Older people left behind in Dutch foreign policy
Older people are left behind in Dutch foreign policy. They are not mentioned once in the policy note ‘Doen waar Nederland goed in is’ (Doing what the Netherlands does best), which the government shared with Dutch parliament last June. This is remarkable, as women are cited 36 times in the same note as a group that needs specific attention, and children six times. In addition, the Ministry of Foreign Affairs lacks a strategy to engage and protect older people worldwide through Dutch engagement. The ministry does have such a strategy for young people, called ‘Youth at heart’. Finally, the Netherlands does not participate in the United Nations working group that is drafting a convention on the rights of older persons. While countries such as Germany, Italy, Austria and Great Britain are represented in this group.
It is unfair, however, to solely point to the Dutch government: there are very few Dutch humanitarian aid and international cooperation organisations that specifically target older people. In short, the Dutch lack of attention to older people worldwide is present in both government policies and practices from Dutch international organisations.
Left to their own devices
Given global ageing, the trend that is likely to push the proportion of older people worldwide to more than one in five by 2050, the lack of attention for older persons is a problem. Indeed, it is expected that eighty percent of older persons will live in low- and middle-income countries by 2050. That is precisely where older people are potentially vulnerable. For instance, research shows that in less prosperous countries, more and more (young) residents are moving to the cities. As a result, older people in rural areas are becoming increasingly isolated and dependent upon themselves.
Whereas, for example, the Dutch government supports older persons when the social safety net fails, this is not the case in many other countries. The fact that only 20 percent of older people in low-income countries receive a pension exemplifies this.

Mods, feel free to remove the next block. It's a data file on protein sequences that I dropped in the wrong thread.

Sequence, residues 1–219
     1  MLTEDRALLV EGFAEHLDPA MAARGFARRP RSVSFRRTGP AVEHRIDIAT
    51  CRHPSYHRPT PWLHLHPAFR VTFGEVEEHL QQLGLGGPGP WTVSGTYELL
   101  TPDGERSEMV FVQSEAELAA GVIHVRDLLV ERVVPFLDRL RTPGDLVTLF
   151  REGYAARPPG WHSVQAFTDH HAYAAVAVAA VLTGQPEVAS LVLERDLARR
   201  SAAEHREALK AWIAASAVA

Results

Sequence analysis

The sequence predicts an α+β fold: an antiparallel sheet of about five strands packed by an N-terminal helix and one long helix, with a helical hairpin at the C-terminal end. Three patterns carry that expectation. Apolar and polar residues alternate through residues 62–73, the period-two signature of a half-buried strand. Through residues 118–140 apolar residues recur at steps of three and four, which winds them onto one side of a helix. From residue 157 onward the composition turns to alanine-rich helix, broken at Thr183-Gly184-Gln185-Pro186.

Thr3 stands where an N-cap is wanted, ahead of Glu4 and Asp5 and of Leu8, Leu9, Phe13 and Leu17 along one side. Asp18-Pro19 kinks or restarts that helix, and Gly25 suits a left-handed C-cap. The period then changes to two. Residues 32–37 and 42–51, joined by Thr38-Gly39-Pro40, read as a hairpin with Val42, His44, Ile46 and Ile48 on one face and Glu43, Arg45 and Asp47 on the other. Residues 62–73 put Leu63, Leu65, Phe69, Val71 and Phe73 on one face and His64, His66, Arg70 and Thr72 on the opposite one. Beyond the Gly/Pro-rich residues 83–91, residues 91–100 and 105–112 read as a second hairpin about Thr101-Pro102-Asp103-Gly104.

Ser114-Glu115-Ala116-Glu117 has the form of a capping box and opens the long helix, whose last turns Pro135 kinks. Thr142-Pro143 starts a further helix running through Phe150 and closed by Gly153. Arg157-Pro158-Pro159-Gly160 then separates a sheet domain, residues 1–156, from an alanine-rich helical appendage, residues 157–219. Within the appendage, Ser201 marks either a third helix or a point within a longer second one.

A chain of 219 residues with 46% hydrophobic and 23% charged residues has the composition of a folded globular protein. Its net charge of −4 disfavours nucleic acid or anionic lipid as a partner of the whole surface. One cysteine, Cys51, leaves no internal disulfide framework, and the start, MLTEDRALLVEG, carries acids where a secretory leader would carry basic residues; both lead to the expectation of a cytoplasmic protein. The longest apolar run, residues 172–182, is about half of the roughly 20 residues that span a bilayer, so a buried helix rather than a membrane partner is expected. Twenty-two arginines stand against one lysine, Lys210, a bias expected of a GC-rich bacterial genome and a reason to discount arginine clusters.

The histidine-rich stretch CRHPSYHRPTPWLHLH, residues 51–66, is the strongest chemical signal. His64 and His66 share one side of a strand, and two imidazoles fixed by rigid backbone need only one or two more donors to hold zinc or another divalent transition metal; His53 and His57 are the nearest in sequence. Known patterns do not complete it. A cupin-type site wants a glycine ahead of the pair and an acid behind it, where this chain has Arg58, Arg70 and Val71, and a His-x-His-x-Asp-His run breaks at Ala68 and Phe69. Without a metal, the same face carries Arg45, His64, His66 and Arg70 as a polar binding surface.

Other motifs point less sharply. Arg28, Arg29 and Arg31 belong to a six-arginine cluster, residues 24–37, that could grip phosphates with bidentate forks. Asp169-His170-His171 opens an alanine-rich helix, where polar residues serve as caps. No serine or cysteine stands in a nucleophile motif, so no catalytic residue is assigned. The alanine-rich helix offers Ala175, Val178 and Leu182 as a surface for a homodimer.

It is also known that in conflict situations older people more often stay behind in their endangered place of residence, because they cannot or do not want to flee. We see this in Ukraine, among others, where relatively many older people do not leave their homes. Newspaper Trouw has already written about Anatoli and Irina, two Ukrainian older persons who became trapped in Russian artillery fire. Anatoli suffers from Parkinson’s and cannot flee his home. The two just managed to survive the shelling early May, as proven by the damage to their flat. Like Anatoli and Irina, there are unfortunately many older people who are left behind during conflicts, with potentially dire consequences.
Finally, we know that older people are protected on paper through international law, but little attention is paid to their specific needs and requirements. Case in point, only one of the nine human rights treaties pays specific attention to older people and their rights. As mentioned, a blueprint for a treaty on the rights of older people is being worked on at UN level, unfortunately without the active participation of Dutch representation. The signal that emanates from this is that older people are not a priority in Dutch foreign policy.
It is therefore time for Dutch foreign policy to pay more attention to the sometimes vulnerable position of older people worldwide. A good start would be to concretely safeguard the rights of the older people in Dutch foreign policy, such as in the aforementioned policy paper ‘Doen waar Nederland goed in is’ (Doing what the Netherlands does best).
In addition, the Netherlands could become part of the UN group of countries writing the blueprint for an international treaty on the rights of older people. Finally, it is up to the Dutch humanitarian aid and development cooperation sector to give protection of the rights of older people a higher priority. After all, those who want to work inclusively should not leave older people behind!
27 September 2022
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